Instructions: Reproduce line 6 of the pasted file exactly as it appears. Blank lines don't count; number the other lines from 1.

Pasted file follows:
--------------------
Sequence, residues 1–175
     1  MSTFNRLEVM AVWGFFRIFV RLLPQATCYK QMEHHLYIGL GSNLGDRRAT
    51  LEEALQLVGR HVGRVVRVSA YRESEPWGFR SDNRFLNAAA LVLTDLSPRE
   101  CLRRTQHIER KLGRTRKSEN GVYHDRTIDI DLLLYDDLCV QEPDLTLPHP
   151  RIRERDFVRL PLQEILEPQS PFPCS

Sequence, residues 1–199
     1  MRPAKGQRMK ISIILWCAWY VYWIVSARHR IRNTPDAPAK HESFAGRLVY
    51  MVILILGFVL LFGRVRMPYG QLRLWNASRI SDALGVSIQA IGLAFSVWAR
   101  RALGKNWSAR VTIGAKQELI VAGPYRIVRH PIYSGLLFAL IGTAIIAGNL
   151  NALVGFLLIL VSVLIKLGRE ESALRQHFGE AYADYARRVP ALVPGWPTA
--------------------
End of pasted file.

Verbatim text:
Sequence, residues 1–199